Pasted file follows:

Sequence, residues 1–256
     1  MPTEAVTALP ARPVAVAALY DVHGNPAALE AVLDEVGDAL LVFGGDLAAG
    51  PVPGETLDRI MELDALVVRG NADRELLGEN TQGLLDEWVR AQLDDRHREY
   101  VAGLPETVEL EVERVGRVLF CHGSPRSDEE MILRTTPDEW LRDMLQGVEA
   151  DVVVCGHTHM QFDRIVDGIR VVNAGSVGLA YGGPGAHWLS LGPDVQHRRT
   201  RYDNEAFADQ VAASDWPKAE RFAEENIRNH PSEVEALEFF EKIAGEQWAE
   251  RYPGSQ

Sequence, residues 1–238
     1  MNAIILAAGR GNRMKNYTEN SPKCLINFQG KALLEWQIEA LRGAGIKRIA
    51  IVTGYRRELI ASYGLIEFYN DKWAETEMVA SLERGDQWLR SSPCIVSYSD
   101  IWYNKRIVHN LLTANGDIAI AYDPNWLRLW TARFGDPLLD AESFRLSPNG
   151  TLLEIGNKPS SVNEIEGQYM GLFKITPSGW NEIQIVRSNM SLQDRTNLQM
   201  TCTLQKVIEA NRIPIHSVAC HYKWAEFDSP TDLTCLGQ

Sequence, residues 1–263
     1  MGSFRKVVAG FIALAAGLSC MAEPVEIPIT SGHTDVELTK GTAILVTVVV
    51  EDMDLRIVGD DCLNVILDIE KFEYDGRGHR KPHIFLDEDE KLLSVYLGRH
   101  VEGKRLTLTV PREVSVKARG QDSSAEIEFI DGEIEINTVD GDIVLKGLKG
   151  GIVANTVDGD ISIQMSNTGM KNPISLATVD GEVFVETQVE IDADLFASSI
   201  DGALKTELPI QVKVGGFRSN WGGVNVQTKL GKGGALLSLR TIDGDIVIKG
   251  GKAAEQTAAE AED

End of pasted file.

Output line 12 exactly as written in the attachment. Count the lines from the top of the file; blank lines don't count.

   151  TLLEIGNKPS SVNEIEGQYM GLFKITPSGW NEIQIVRSNM SLQDRTNLQM